Agricultural subsidies are the financial assistance to farmers communities through government sponsored price-support programmes. Since 1930s, the most industrialized countries have developed active agricultural price support policies to reduce the instability ~f farm prices and to raise farm income. The programme vary considerably from country to country. In food importing countries, such as those of Great Britain and Europe, agricultural price-support programmes are also aimed at encouraging home production to make the economics more self-sufficient. In food exporting countries such as the United States and Canada, agricultural subsidy programmes are used primarily to increase farm income by raising the long-term level of prices above free-market levels. Farmers need long-term mortgage loans to help them acquire property and to refinance existing debts, short-term loans to finance the production and marketing crop sand livestock. Food and Agriculture Organization (FAO), IFAD, WFP, the World Bank, the regional development banks and other international organizations involved in rural development should involve farmers and their representatives in their deliberations, as appropriate. Representative organizations of farmers should establish programmes for the development and support of farmers' organizations, particularly in developing countries.
The following objectives are proposed to improve the general condition of the farmers:
• To encourage a decentralized decision-making process through the creation and strengthening of local and village organizations that would delegate power and responsibility to primary users of natural resources;
• To support and enhance the legal capacity of women and vulnerable groups with regard to access, use and tenure of land;
• To promote and encourage sustainable farming practices and technologies;
• To introduce or strengthen policies that would encourage self-sufficiency in low-input and low-energy technologies, including indigenous practices, and pricing mechanisms that internalize environmental costs;
• To develop a policy framework that provides incentives and motivation among farmers for sustainable and efficient farming practices;
• To enhance the participation of farmers, men and women, in the design and implementation of policies directed towards these ends, through their representative organizations;
• To promote pricing mechanisms, trade policies, fiscal incentives and other policy instruments that positively affect individual farmer's decisions about an efficient and sustainable use of natural resources, and take full account of the impact of these decisions on household food security, farm incomes, employment and the environment;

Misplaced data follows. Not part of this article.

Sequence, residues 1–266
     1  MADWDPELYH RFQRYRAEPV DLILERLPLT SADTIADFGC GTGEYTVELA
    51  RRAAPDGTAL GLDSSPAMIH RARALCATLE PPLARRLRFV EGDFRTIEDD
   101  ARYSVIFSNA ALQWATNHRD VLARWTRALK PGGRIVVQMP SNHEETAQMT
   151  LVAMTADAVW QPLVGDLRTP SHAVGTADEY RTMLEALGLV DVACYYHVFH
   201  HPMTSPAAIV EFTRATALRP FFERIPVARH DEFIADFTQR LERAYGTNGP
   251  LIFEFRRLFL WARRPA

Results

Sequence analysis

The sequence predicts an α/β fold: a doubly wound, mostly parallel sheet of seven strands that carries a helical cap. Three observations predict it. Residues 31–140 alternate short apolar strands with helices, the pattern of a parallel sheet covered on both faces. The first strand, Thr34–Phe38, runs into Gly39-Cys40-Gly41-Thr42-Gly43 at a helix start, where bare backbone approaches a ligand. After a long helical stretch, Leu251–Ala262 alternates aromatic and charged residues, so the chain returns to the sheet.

• Involve farmers and their representative organizations in the formulation of policy;
• Protect, recognize and formalize women access to tenure and use of land, as well as rights to land, access to credit, technology, inputs and training;
• Support the formation of farmers' organizations by providing adequate legal and social conditions;
• National and international research centres should cooperate with farmers' organizations in developing location-specific environment-friendly farming techniques;
• National Governments, multilateral and bilateral development agencies and non-governmental organizations should collaborate with farmers' organizations in formulating agricultural development projects to specific agro-ecological zones;
• Initiate mechanisms to document, synthesize and disseminate local knowledge, practices and project experiences so that they will make use of the lessons of the past when formulating and implementing policies affecting farming, forest and fishing populations;
• Establish networks for the exchange of experiences with regard to farming that help to conserve land, water and forest resources, minimize the use of chemicals and reduce or reutilize farm wastes;
• Develop pilot projects and extension services that would seek to build on the needs and knowledge base of women farmers.
• Develop environmentally sound farming technologies that enhance crop yields, maintain land quality, recycle nutrients, conserve water and energy and control pests and weeds;
• Conduct studies of high-resource and low-resource agriculture to compare their productivity and sustainability. The research should preferably be conducted under various environmental and sociological settings;
• Support research on mechanization that would optimize human labour and animal power and hand-held and animal-drawn equipment that can be easily operated and maintained. The development of farm technologies should take into account farmers' available resources and the role of animals in farming households and the ecology;
• Create the institutional and legal mechanisms to ensure effective land tenure to farmers. The absence of legislation indicating land rights has been an obstacle in taking action against land degradation in many farming communities in developing countries;
• Strengthen rural institutions that would enhance sustainability through locally managed credit systems and technical assistance, local production and distribution facilities for inputs, appropriate equipment and small-scale processing units, and marketing and distribution systems;
• Establish mechanisms to increase access of farmers, in particular women and farmers from indigenous groups, to agricultural training, credit and use of improved technology for ensuring food security.